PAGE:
Use a 1/4 c scoop to measure dough and set on a parchment-lined baking sheet.  Flatten each blob with the bottom of the measuring cup.  Cover the baking sheet with plastic wrap and refrigerate 4 days to age dough.

to bake cookies:  Preheat oven to 350F.  Bake in center rack about 17 minutes, until cookies are golden-brown but still soft in the middle.  Remove from oven and rest on the baking sheet a few minutes before transferring to a rack to cool.

Adapted from Melissa Weller of Sadelle’s, NY City.

The un chilled first batch, next 2 photos:

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The winning recipe after 4 days of chilling the dough:

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To read the original WSJ article, please click here.

To read a NY Times piece explaining what prolonged chilling achieves for cookie dough, please click here.

22 thoughts on “WSJ Oatmeal Raisin Cookies

  1. Wow! What a difference 4 days makes in the look of the cookie! I did actually enjoy the book club version, now I will have to ‘age’ the batter and try the other way, except I’m not sure cookie batter would be left in my fridge after 4 days, my boys would inhale it by then!

    • Hi Jenna! I should have had you be the taste tester for the second batch of these! I’m glad you enjoyed the first ones!! Storing them on the cookie sheet is harder than it seems. Chilling a ball of dough is one thing but the whole sheet takes up fridge space. Our days of little (and grown big) boys eating us out of house and home are behind us. Enjoy every minute. It will be over in the blink of an eye. Hope the new job is going well. Xo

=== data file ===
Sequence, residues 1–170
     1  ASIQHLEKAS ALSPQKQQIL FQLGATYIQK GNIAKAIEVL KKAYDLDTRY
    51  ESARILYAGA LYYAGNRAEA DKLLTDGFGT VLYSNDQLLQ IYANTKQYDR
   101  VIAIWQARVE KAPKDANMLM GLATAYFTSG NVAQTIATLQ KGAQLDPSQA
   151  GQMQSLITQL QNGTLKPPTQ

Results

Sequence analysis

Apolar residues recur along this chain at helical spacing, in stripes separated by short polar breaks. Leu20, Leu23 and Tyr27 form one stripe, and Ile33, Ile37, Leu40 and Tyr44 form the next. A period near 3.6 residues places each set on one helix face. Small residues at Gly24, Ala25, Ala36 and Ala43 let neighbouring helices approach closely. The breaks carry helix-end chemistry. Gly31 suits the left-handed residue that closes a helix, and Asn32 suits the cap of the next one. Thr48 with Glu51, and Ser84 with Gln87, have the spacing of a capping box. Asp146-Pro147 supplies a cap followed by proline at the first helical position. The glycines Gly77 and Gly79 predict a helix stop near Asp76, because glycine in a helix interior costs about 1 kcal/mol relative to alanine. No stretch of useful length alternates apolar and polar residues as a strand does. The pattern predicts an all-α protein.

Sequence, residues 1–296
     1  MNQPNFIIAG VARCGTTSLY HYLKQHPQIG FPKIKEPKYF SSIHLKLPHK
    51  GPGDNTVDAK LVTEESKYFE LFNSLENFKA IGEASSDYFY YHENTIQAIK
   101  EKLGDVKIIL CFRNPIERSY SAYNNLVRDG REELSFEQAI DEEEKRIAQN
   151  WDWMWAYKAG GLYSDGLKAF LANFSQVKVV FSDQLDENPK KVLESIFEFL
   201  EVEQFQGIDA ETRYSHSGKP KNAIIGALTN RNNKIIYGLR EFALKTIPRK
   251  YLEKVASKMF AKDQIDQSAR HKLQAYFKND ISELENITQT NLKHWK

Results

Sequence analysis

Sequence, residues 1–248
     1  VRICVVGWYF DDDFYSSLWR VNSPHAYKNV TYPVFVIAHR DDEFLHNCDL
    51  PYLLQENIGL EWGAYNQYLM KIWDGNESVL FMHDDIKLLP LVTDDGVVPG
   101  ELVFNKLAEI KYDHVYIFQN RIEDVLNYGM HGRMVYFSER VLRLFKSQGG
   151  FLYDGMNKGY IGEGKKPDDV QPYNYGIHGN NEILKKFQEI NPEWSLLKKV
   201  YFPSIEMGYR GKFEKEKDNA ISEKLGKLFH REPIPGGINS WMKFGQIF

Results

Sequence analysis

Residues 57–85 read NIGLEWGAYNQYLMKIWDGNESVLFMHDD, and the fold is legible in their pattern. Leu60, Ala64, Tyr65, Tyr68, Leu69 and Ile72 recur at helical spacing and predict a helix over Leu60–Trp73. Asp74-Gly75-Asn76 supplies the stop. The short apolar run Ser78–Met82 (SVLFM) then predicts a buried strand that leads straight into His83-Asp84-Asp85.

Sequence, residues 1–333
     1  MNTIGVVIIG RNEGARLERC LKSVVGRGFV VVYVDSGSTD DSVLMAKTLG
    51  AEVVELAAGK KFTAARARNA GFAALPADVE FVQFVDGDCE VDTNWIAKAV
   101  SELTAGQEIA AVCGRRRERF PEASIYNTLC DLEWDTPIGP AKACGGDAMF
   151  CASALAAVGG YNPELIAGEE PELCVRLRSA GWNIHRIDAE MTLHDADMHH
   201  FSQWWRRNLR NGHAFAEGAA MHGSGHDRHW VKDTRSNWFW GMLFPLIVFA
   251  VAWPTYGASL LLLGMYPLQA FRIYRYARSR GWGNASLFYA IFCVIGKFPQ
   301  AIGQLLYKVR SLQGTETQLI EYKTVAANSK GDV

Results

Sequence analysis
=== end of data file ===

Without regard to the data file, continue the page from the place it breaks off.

Johanne Lamarche

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  2. I am with you that I prefer oatmeal raisin cookie over any chocolatey cookies anytime. My problem was to find ones readily available on the market that I like. The one brand I like, Tate’s, most super market don’t carry it anymore, but I now no longer care because I have your recipe!!!!!
    Thank you..Thank you..Thank you..

    • I love Tate’s too Pang! I have only tried their chocolate chip from Costco but will search for their Oatmeal raisin. I made a mocha frozen cake last summer with Tate’s chic chip. They are a favorite of Ina Garten. Hope you like this version of oatmeal raisins Pang and can chill the dough first.

      Johanne Lamarche

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  3. I LOVE oatmeal cookies, and like you even more than Chocolate chip. My dear father loved them as well so it gave me an excuse to make them and have them once in a while. John doesn’t think he likes them so I never make them. I will be adding this recipe to try through. They just look delicious and sound yummy too!